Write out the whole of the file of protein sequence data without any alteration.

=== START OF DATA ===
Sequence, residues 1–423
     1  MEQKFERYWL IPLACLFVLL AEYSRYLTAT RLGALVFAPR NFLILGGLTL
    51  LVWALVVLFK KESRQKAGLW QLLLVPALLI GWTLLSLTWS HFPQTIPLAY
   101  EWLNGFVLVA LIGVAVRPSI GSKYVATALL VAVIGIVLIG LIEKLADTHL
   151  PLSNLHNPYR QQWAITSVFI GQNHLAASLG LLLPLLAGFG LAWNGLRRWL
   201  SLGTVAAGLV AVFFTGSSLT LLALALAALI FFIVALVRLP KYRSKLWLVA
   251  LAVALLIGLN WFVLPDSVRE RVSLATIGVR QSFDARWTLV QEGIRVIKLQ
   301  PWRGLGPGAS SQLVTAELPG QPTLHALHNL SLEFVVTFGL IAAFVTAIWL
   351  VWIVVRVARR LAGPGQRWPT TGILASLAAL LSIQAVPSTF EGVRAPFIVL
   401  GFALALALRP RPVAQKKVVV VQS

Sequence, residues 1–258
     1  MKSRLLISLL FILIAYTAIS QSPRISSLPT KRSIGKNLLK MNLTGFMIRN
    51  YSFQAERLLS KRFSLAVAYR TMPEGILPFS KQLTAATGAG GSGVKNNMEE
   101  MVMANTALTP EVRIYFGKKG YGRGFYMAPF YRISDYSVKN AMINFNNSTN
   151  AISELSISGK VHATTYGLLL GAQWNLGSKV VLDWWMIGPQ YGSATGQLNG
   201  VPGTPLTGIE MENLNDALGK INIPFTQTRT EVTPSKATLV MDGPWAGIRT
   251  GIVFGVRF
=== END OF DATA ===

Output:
Sequence, residues 1–423
     1  MEQKFERYWL IPLACLFVLL AEYSRYLTAT RLGALVFAPR NFLILGGLTL
    51  LVWALVVLFK KESRQKAGLW QLLLVPALLI GWTLLSLTWS HFPQTIPLAY
   101  EWLNGFVLVA LIGVAVRPSI GSKYVATALL VAVIGIVLIG LIEKLADTHL
   151  PLSNLHNPYR QQWAITSVFI GQNHLAASLG LLLPLLAGFG LAWNGLRRWL
   201  SLGTVAAGLV AVFFTGSSLT LLALALAALI FFIVALVRLP KYRSKLWLVA
   251  LAVALLIGLN WFVLPDSVRE RVSLATIGVR QSFDARWTLV QEGIRVIKLQ
   301  PWRGLGPGAS SQLVTAELPG QPTLHALHNL SLEFVVTFGL IAAFVTAIWL
   351  VWIVVRVARR LAGPGQRWPT TGILASLAAL LSIQAVPSTF EGVRAPFIVL
   401  GFALALALRP RPVAQKKVVV VQS

Sequence, residues 1–258
     1  MKSRLLISLL FILIAYTAIS QSPRISSLPT KRSIGKNLLK MNLTGFMIRN
    51  YSFQAERLLS KRFSLAVAYR TMPEGILPFS KQLTAATGAG GSGVKNNMEE
   101  MVMANTALTP EVRIYFGKKG YGRGFYMAPF YRISDYSVKN AMINFNNSTN
   151  AISELSISGK VHATTYGLLL GAQWNLGSKV VLDWWMIGPQ YGSATGQLNG
   201  VPGTPLTGIE MENLNDALGK INIPFTQTRT EVTPSKATLV MDGPWAGIRT
   251  GIVFGVRF